Small and mid-size businesses can use the 30 percent Business Energy Investment Tax Credit (often referred to as ITC) up to Dec. 31, 2016, according to Jim Manning, a partner at accounting firm Plante Moran’s Grand Rapids office. The tax credit can offset the installation of a solar array, solar panels or other type of solar energy installation, but to qualify, the company needs to own the property in question and be a tax-paying entity.

According to Manning, who leads the firm’s renewable energy practice, the credit can be used against the company’s federal income tax, which can include the alternative minimum tax.

Manning noted that the ability to market one’s business as “greener” and more environmentally friendly is also a benefit, particularly in that it helps attract and retain millennials and other young employees.

The ITC was extended by President Obama in 2009 and is set to expire at the end of 2016. Small businesses and property owners file for the credit on Tax Form 3468, but Manning said there are a number of “nuances and potential limitations” to the ITC, “so it’s always a good idea to talk through the process of applying for a tax credit with your accountant.”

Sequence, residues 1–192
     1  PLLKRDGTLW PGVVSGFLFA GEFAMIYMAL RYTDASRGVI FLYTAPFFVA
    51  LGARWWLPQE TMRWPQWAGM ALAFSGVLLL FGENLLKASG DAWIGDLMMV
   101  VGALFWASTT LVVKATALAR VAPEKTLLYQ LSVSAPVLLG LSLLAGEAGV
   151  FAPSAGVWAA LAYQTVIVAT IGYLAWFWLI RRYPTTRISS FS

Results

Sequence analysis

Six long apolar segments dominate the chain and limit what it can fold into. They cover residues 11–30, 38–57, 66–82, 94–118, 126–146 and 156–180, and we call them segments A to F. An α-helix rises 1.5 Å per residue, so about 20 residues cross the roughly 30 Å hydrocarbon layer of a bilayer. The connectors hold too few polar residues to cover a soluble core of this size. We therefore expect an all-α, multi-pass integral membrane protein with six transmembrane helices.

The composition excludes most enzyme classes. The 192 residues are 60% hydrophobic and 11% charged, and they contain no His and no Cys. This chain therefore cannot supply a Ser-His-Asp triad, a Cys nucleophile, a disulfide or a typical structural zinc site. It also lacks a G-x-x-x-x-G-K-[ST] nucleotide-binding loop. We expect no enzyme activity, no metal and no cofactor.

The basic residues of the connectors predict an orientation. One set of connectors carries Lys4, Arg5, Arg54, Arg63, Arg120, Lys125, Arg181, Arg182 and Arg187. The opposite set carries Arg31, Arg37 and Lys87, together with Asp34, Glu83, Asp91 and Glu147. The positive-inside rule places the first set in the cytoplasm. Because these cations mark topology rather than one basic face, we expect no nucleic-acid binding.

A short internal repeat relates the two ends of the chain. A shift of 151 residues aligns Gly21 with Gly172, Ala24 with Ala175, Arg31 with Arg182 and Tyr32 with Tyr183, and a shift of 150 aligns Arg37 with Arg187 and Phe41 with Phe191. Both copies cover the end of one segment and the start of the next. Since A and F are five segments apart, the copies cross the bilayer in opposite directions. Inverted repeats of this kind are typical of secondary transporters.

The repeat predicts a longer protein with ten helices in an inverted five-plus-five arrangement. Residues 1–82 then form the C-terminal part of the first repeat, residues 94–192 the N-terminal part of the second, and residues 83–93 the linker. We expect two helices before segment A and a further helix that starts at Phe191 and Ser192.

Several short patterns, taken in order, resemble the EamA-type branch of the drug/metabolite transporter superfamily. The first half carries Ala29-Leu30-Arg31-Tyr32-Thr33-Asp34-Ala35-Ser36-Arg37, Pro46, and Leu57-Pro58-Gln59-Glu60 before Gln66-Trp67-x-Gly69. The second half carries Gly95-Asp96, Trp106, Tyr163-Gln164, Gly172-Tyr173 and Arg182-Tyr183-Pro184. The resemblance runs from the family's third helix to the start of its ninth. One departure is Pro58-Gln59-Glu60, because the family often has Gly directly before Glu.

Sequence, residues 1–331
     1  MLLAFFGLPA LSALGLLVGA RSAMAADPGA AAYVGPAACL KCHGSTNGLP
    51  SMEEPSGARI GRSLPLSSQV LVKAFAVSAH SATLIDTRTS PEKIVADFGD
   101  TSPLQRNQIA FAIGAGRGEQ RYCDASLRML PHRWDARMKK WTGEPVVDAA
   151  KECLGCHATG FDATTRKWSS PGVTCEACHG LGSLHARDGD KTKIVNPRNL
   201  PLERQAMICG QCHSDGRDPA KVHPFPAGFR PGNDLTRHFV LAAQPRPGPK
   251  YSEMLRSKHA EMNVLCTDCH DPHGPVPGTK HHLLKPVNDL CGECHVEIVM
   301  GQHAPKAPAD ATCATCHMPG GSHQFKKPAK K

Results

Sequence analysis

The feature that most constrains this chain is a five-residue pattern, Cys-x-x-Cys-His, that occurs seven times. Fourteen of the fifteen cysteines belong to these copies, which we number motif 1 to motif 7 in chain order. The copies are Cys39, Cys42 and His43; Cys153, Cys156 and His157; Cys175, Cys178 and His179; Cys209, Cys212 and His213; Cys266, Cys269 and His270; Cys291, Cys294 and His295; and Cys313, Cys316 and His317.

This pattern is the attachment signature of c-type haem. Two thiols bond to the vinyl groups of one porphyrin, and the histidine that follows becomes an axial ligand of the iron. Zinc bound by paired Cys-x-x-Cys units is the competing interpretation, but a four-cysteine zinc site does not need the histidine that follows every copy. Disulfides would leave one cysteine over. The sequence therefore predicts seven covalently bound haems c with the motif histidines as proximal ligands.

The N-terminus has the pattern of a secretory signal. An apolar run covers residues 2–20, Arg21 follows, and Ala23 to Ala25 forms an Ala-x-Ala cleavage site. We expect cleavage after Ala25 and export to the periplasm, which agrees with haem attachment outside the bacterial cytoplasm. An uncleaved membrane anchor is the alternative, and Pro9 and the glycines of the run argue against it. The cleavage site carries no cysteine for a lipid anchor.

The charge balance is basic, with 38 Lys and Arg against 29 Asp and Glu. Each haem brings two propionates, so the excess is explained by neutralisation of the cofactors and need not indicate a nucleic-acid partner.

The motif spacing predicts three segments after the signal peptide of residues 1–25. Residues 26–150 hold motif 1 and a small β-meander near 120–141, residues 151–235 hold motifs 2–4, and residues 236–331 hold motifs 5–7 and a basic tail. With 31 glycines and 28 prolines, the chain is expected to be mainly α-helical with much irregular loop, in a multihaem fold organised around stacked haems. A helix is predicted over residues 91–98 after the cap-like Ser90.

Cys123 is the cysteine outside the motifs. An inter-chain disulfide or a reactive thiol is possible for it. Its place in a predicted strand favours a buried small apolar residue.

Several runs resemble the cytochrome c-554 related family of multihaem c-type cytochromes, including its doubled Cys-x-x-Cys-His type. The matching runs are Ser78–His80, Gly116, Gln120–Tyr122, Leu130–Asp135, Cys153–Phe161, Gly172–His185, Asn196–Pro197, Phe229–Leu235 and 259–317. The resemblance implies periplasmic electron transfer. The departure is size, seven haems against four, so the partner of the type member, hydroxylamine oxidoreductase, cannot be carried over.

Cardinal said the system on the roof at HighPoint Electrical cost approximately $30,000 and since HighPoint installed it — using its own licensed solar power technician — there was a savings in the installation cost. She said the installed cost for a similar system is generally estimated at $3.50 per watt, which indicates an installation cost of $5,000 for a 10 kW system.

The system is made by SolarWorld USA, an Oregon-based company that bills itself as “one of the world’s largest solar-technology producers and the largest U.S. solar panel manufacturer for more than 35 years.” It has factories in the U.S. and Germany.

The HighPoint array consists of 36 photovoltaic panels, each rated at 280 watts and measuring 38 inches by 66 inches. Cardinal said the system requires an area of about 35 by 20 feet. It can be installed on the ground or on a shingle roof with a pitch from 2/12 up to 12/12. Most solar panels in Michigan are installed on a 30-degree tilt or more so that snow that accumulates will melt and fall off within a few hours.

The HighPoint installation is calculated to generate about 12,000 kilowatt hours of power per year. The company will not use that power itself; rather, it is sold to Consumers Energy on the grid for almost 20 cents per kilowatt hour. Cardinal said Consumers estimates it will generate about $2,400 worth of electricity per year.